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J. Zhao, L. Chen, T. Nagasaki; Epithelial Cell Movements in a Vascularized Cornea. Invest. Ophthalmol. Vis. Sci. 2009;50(13):6290.
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In a normal, avascular cornea, epithelial cells exhibit constant centripetal movements, whereas in a totally vascularized cornea, such as a conjunctivalized cornea and a Dstncorn1 cornea, epithelial cells are mostly stationary. This study was initiated to investigate whether there is a causal relationship between homeostatic epithelial cell movements and development of an underlying vasculature.
Ubiquitous GFP mice were used. Epithelial movements were determined in vivo by tracking changes of epithelial GFP in a partially vascularized cornea, which was created by placing a 11-0 thread suture at two eccentric locations. Epithelial DNA synthesis was determined by incorporation of systemic 5-ethynyl-2'-deoxyuridine into DNA. To determine levels of diffusible blood components in a normal and a vascularized cornea, animals received fluorescently labeled dextran of various sizes systemically with an osmotic pump, and a steady-state level of fluorescence along the diameter of a cornea was determined by quantitative imaging microscopy.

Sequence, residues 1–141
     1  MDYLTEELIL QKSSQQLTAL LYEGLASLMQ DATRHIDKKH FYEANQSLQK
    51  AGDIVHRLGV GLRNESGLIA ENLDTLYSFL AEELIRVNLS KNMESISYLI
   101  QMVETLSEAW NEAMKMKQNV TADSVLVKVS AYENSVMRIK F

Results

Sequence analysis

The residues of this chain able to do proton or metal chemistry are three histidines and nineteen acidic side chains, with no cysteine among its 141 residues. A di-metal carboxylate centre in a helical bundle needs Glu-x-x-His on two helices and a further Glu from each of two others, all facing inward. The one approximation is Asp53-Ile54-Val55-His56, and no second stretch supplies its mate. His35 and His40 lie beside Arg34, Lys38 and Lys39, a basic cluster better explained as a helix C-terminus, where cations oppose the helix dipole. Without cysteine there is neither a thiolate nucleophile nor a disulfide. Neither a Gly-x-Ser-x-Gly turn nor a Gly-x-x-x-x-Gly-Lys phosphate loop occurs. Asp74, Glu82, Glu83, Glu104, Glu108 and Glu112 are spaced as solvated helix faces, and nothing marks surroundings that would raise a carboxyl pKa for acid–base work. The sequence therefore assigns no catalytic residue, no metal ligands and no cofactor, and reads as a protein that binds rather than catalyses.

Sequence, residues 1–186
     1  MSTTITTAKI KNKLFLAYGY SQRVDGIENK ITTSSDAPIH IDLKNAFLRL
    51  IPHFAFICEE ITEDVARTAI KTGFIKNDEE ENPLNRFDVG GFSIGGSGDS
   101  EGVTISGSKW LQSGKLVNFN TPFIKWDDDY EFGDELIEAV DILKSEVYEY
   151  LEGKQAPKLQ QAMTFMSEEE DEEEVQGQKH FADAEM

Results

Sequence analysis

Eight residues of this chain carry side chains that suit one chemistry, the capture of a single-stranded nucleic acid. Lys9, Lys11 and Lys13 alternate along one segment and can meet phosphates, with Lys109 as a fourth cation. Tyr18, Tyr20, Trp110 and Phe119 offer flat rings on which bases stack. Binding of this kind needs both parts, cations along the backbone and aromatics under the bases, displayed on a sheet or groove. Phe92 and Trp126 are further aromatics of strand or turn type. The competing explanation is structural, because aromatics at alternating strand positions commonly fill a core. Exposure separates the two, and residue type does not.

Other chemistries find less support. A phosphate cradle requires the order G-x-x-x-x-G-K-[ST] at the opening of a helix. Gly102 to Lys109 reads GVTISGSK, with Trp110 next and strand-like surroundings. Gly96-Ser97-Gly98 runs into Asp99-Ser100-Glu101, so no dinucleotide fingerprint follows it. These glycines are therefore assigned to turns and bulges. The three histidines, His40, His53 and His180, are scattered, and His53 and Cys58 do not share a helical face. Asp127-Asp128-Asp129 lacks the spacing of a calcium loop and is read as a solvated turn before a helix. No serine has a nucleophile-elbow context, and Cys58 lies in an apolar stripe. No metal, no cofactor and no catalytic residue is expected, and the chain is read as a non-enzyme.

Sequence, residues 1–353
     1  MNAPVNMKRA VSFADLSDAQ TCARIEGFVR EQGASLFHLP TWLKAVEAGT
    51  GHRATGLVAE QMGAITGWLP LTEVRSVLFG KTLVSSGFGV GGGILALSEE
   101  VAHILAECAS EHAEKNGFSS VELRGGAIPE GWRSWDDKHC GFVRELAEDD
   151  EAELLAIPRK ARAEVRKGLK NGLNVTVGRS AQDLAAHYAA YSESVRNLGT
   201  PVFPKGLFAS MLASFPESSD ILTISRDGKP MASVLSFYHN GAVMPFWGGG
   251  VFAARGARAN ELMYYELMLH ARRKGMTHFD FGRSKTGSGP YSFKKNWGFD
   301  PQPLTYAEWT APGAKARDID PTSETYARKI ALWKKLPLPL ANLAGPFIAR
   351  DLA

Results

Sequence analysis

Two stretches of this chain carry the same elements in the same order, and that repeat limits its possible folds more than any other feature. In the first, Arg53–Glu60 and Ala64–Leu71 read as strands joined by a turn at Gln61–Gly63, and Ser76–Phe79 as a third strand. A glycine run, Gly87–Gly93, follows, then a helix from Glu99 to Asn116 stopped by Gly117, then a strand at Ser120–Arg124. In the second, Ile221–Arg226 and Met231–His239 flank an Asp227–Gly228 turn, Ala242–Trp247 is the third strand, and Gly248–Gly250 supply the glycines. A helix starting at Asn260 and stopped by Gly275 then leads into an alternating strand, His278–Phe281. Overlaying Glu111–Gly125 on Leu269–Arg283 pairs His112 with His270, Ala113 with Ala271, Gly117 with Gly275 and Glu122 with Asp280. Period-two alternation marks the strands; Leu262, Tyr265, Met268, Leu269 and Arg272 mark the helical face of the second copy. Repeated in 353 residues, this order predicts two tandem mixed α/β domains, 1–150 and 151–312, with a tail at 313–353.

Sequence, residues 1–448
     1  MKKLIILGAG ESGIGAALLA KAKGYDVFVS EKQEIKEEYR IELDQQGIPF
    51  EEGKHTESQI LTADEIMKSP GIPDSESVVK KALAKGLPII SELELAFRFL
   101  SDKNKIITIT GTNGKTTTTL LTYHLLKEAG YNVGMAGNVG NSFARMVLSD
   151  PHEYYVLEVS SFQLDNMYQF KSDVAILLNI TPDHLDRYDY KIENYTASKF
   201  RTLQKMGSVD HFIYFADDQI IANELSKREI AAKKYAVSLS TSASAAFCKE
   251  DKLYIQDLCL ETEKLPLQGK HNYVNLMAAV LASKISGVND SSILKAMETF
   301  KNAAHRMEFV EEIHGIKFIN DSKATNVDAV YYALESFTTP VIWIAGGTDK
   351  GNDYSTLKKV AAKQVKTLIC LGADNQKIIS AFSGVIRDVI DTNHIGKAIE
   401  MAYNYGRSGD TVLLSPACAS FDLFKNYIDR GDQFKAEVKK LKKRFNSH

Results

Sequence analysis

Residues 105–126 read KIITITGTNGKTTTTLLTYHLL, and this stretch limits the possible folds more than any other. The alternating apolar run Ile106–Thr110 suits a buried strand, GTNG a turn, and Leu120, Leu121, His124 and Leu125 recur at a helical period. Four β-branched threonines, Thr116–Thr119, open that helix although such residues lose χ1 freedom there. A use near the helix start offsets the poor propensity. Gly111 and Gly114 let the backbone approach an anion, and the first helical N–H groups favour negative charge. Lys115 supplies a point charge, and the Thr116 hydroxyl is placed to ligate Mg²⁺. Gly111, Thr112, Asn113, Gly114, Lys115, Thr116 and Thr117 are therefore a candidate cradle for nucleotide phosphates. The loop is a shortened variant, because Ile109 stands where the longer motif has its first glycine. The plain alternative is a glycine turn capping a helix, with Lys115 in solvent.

Sutures triggered localized neovascularization from the limbus and several blood vessel trunks reached the suture in 1 to 2 weeks. The sutured area developed mild opacity but there was no stromal fibrosis. Before the surgery, epithelial cells moved centripetally toward a single point near the corneal center. After suturing and blood vessel formation, epithelial cells ceased to converge at this central point and they were instead diverted toward the nearer of the two sutured areas. This was not a typical epithelial wound healing reaction because epithelial cells were mostly intact at all times, except a minor one-time suturing damage. Cells directly above the blood vessels appeared to move slower than others. Sub-basal nerves in a sutured cornea were directed toward the nearest suture instead of the corneal center, matching the pattern of epithelial movements. There was no significant difference in DNA synthesis between epithelial cells of a vascularized and a non-vascularized area. A systemic labeling with fluorescently labeled dextran showed that a normal cornea exhibited a decreasing radial gradient of fluorescence from the limbus to the central cornea, while a vascularized cornea contained an increased level of fluorescence with no limbus-to-center gradient, suggesting that a concentration of blood components was elevated in a vascularized cornea.
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